Wednesday, April 4, 2012

Defining L in Tulip


Limited Atonement answers the question, "For whose sins did Christ atone?" The Bible teaches that Christ died for those whom the Father gave Him to save. Christ died for the elect, which refers to all who will be born again. Belief in the doctrine of a definite redemption provides an incentive for evangelistic zeal and under-girds the presentation of the gospel. With confidence the soul winner can share the Scripture that promises that Christ will not lose any that the Father has given to Him. "All that the Father giveth me shall come to me; and him that cometh to me I will in no wise cast out." The death of Christ was not one of potential atonement for all people. Rather, Christ died to accomplish a real redemption for His people. The night Christ was born, the angels declared that Jesus had come to "save His people from their sins." Christ’s atoning work was not designed to make men savable but to actually purchase their salvation by His own precious blood. The work of the Cross is effectual only for the elect.

This is perhaps the least favorite of the five points by the detractors of Reformed soteriology. Arminians and their theological first cousins, Roman Catholic, bristle at the notion of an atonement intended for some men and not for everyone. This doctrine is hated because it is portrayed as unfair or unjust. Actually though, fairness or justice have little to do with. Simply consider this: All men are equally guilty before God and thus hell-deserving. If we were to appeal logically to justice and fairness, God should damn everyone to Hell. The fact that He has chosen anyone speaks of kindness and mercy.

I always feel confidently secure that my theology is correct in this regard when an Arminian assails me with the same arguments Paul's opponents brought against him. You'd think they had never read Romans 9:18-24: "So then he has mercy on whomever he wills, and he hardens whomever he wills. You will say to me, 'Why does he still find fault? For who can resist his will?' But who are you, O man, to answer back to God? Will what is molded say to its molder, 'Why have you made me like this?' Has the potter no right over the clay, to make out of the same lump on vessel for honorable use and another for dishonorable use? What if God, desiring to show his wrath and to make known his power, has endured with much patience vessels of wrath prepared for destruction, in order to make known the riches of his glory for vessels of mercy, which he has prepared beforehand for glory - even us whom he has called, not from the Jews only but also from the Gentiles?" When an Arminian assaults us with the same arguments that Paul's opponents used, that seems to indicate that we are on the right track theologically. Furthermore, when Paul says that God "has not destined us for wrath," doesn't that logically imply that some men are destined for wrath?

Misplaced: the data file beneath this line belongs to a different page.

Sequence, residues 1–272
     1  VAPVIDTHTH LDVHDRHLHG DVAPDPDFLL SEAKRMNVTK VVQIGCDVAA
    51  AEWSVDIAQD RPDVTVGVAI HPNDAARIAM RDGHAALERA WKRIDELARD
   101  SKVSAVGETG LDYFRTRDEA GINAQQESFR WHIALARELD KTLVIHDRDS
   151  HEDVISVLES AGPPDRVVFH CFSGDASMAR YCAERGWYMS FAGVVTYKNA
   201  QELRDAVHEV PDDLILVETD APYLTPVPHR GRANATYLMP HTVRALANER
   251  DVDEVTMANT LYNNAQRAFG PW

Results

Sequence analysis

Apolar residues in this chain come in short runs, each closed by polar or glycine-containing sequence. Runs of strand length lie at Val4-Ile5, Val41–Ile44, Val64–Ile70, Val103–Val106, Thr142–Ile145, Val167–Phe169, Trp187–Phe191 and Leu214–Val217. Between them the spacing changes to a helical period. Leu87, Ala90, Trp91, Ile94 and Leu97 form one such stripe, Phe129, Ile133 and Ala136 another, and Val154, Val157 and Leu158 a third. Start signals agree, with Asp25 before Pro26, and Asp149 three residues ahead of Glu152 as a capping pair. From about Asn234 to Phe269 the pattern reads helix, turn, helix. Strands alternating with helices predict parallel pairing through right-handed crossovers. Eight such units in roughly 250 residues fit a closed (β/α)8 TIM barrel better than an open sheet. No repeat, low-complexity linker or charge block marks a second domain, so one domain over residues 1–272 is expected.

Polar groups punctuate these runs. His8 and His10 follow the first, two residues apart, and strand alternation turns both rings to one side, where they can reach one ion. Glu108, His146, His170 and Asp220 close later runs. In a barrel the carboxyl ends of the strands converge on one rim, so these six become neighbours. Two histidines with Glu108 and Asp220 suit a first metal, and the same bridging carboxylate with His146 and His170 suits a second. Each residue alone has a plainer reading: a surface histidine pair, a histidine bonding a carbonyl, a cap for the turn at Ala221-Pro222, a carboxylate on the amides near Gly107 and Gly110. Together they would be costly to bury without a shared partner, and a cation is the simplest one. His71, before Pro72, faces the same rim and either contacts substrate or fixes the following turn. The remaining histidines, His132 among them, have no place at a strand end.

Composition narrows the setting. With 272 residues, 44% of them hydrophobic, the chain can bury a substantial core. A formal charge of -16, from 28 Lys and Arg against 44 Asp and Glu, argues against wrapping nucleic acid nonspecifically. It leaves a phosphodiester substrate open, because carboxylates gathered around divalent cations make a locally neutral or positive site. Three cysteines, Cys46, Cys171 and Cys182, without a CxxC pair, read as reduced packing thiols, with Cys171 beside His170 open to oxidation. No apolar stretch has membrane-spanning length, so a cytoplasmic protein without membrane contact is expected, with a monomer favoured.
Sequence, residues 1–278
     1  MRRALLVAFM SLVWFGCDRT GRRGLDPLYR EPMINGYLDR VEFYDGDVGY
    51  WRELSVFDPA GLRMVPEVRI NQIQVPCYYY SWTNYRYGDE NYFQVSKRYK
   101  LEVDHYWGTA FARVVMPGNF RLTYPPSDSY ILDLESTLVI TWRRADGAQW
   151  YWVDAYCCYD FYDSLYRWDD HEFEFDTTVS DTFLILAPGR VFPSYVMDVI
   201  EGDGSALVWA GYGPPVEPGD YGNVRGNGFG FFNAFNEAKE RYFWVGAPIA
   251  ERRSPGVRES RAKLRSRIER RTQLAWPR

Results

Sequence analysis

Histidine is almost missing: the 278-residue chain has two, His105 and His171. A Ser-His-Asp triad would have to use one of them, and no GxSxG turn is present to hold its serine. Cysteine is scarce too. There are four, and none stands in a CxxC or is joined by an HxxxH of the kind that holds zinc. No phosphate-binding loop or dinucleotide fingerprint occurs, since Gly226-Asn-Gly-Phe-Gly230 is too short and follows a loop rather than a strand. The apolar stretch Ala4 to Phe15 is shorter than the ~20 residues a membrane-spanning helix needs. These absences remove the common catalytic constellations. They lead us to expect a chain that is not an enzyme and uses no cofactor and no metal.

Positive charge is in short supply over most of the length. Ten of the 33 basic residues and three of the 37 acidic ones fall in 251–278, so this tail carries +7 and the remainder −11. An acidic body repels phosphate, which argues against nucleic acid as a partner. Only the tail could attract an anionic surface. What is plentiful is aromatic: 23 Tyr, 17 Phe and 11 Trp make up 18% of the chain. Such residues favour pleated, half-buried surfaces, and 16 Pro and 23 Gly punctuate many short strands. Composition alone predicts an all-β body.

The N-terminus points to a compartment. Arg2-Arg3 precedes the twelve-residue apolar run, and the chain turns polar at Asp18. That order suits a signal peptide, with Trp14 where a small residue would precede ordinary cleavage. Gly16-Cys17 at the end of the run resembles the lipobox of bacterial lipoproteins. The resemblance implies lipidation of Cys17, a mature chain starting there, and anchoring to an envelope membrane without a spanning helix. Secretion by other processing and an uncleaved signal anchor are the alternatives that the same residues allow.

If the Atonement is not limited to the elect, but God is earnestly trying to save all men without exception, what do we do with these Scriptural statements?
Joshua 11:20 For it was the LORD's doing to harden their hearts that they should come against Israel in battle, in order that they should be devoted to destruction and should receive no mercy but be destroyed, just as the LORD commanded Moses.
1 Samuel 3:25b But they would not listen to the voice of their father for it was the will of the LORD to put them to death.
John 10:11, 26 I am the good shepherd. The good shepherd lays down his life for the sheep...but you do not believe me because you are not part of my flock.
2 Thessalonians 2:11 Therefore God sends them a strong delusion, so that they may believe what is false.
Jude 4 For certain people have crept in unnoticed who long ago were designated for this condemnation, ungodly people, who pervert the grace of our God into sensuality and deny our only Master and Lord, Jesus Christ.

Let's set the record straight: Neither I nor any advocate of Reformed theology, derive any pleasure from the idea that some men have gone and still will go to Hell. We derive no morbid satisfaction, nor any self-flattering enjoyment from the notion that Christ's atoning sacrifice was efficacious for some and not others. But that is beside the point. We may not, without imperiling our immortal souls, toy with God's Word simply because we place less stock in it than we do in our own fallen sense of justice and equality.

No comments:

Post a Comment